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<pre class="moz-quote-pre" wrap="">I think Matt's main point is that for the vast majority of users
(which does not include power users), the web version of AMO causes
real problems, and it is far preferable that they use the in-product
interface to AMO.? That of course requires that there is great
functionality in the interface.
<pre class="moz-quote-pre" wrap="">Matt point is that he would remove browser access to AMO which is in my
opinion very bad move.
I agree it's not intuitive to install TB addon via browser, it sucks,
and nobody should do it that way. But I can't remember single addon I
discovered via Thunderbird UI, not one.
It was always Google and/or AMO search, then refining that into 1 - 3
addons that I think come close to what I want, then install each via
Thunderbird interface, test and delete those that didn't satisfy my needs.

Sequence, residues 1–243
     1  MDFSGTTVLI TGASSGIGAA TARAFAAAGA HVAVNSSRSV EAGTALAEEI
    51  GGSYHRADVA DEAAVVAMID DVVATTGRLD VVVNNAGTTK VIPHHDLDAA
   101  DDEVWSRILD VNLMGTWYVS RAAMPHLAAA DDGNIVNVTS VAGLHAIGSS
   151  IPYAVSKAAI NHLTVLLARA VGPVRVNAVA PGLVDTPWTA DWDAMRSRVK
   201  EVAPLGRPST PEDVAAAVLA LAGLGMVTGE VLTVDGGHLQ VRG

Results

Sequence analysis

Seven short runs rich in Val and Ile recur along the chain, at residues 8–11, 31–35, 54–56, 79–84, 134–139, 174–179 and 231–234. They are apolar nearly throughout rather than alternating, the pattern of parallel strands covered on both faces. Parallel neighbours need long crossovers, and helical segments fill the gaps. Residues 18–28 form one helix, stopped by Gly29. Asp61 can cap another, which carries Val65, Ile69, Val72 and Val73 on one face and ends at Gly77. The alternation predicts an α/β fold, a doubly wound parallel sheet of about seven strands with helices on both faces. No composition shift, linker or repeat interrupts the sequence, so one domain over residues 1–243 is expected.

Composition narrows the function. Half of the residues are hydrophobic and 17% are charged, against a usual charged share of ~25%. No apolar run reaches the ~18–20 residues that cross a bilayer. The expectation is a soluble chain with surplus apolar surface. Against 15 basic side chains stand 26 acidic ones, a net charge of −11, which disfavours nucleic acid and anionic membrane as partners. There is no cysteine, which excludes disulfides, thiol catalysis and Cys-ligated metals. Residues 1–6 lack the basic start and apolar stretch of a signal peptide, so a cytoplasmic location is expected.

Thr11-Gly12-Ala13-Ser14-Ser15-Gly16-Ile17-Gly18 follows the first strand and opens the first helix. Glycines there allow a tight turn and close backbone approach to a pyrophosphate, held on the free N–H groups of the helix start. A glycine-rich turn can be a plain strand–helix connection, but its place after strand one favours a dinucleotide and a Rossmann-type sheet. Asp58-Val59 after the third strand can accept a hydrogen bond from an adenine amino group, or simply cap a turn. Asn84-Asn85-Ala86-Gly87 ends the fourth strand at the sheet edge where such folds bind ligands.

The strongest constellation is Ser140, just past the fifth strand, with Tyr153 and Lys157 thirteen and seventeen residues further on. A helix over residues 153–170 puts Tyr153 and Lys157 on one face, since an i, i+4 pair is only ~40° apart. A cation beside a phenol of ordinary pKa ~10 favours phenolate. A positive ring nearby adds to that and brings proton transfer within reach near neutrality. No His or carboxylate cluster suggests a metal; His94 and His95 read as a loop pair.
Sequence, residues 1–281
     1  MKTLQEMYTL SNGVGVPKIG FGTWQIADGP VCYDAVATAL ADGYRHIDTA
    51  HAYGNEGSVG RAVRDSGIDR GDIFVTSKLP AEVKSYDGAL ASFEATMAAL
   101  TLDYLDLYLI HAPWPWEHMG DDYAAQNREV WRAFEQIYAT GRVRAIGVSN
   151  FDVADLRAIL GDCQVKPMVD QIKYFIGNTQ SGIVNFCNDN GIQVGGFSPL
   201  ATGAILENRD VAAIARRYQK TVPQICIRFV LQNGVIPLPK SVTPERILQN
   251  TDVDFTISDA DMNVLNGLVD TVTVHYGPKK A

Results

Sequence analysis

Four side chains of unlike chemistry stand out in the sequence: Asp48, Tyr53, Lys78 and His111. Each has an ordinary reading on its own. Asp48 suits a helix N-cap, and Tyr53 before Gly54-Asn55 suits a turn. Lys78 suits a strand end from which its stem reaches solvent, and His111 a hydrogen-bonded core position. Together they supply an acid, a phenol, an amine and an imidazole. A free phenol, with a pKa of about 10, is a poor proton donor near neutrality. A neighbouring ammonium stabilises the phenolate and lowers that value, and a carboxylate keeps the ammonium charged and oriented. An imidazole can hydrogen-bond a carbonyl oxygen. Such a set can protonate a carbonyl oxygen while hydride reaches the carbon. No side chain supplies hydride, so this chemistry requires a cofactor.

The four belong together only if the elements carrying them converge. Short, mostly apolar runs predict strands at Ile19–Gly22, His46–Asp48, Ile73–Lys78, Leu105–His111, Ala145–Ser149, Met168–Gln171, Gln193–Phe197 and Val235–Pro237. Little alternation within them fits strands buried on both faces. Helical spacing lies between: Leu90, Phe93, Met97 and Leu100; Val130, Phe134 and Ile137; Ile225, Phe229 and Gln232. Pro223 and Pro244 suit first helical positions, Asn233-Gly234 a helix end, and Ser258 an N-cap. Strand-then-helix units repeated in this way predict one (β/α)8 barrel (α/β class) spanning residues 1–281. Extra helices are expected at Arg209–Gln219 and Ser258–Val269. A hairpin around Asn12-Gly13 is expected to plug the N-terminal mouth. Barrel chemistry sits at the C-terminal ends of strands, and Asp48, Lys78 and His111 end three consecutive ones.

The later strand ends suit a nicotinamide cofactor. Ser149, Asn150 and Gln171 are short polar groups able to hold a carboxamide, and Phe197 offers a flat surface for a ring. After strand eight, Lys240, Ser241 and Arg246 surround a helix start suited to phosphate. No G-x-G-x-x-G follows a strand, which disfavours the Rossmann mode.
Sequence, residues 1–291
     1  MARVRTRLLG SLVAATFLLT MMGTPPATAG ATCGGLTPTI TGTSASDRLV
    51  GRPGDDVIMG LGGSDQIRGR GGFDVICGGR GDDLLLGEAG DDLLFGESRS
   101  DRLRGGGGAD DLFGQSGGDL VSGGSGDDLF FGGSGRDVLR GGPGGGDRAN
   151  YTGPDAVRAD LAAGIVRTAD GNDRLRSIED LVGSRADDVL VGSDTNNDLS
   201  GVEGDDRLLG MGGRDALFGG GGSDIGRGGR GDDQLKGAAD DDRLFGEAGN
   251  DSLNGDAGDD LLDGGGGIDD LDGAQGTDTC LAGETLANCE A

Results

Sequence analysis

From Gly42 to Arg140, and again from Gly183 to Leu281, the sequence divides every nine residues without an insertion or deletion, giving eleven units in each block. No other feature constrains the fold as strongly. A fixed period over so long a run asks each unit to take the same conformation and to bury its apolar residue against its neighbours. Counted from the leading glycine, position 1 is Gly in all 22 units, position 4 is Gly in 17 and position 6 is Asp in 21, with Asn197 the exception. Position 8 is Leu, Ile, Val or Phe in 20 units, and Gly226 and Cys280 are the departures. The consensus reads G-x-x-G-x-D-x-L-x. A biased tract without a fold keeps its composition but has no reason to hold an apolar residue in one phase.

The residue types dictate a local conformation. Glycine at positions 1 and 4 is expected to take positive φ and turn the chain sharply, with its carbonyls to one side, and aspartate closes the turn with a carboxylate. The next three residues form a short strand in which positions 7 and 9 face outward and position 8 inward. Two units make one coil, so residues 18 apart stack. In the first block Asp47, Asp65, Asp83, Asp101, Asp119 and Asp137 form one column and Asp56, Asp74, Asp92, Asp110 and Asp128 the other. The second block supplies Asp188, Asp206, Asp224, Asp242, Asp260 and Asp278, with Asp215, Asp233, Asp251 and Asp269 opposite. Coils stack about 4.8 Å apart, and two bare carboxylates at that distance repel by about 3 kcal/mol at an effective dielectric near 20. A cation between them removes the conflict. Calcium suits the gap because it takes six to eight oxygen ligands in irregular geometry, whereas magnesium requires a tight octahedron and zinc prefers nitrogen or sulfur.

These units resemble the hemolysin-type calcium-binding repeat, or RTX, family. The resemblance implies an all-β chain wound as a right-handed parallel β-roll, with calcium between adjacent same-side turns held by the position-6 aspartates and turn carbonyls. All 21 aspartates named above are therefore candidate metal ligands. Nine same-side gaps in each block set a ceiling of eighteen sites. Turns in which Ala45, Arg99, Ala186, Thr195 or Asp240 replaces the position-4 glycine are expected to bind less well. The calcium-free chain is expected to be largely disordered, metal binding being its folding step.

And on the bad since, all SEO gathered from addons will be lost.
<p>I second Mihovil's comments. <br>
<p>For many years (it seems to be working now) there were some
extensions that the search field in tools -> add-ons ignored.
You had to either browse for them on the web site (using a
browser) or know to click on a link such as "see all" in tools
-> add-ons -> get add-ons so that you could browse for them
in a tab. Browsing for them in a tab in Thunderbird worked, but is
annoying as there is no back arrow or history. That can make some
It also seems wrong to have just one mechanism to find/install
add-ons, when there is such a variety of ways users prefer to work.
There is a reason why you can configure Thunderbird to read messages
in a tab, window or message pane for example.<br>